What Drives the Public Mood of Income Inequality



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Income inequality in the United States has been growing since the 1970s. However, this economic phenomenon has not been widely discussed in public discourse until recently. Scholars suggest that income inequality has major consequences for representation and redistribution policy, however, no scholar has examined what are the driving factors behind how American public opinion is formed on income inequality. This study examines how economic factors, political factors, and media influence may potentially help form American public opinion on income inequality. With survey questions from 1971-2012, we create a public mood measure to determine how liberal or conservative the public feels towards income inequality.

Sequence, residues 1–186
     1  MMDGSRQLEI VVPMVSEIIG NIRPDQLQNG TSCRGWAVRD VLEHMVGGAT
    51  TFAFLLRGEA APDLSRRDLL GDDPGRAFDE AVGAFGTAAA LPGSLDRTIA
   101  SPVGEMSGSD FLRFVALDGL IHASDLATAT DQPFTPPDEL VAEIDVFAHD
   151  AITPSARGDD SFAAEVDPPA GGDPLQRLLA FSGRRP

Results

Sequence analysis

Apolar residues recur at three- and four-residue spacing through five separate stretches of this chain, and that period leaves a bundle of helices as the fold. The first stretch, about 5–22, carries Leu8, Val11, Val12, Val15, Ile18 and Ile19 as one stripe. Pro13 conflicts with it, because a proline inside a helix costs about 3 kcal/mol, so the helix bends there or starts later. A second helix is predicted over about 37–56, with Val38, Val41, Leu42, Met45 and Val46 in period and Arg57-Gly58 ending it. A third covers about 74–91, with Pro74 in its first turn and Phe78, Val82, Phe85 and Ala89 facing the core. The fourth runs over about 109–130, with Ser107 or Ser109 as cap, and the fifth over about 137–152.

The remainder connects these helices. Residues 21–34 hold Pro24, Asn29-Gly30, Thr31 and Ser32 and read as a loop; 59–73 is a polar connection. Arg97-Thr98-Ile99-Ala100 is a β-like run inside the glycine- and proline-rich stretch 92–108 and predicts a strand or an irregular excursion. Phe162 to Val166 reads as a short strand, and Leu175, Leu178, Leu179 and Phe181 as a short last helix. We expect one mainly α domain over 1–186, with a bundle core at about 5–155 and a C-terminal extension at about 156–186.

The results show that the American public takes almost no cue from actual economic conditions when forming their mood towards income inequality. The party of the president is the only significant factor in what causes the public to feel more liberal or conservative towards income inequality. Cues from the president and the media have no effect on public opinion either. Even when accounting for the liberal or conservative tone of presidential rhetoric in a year, we find that the party of the president is still the only determining factor.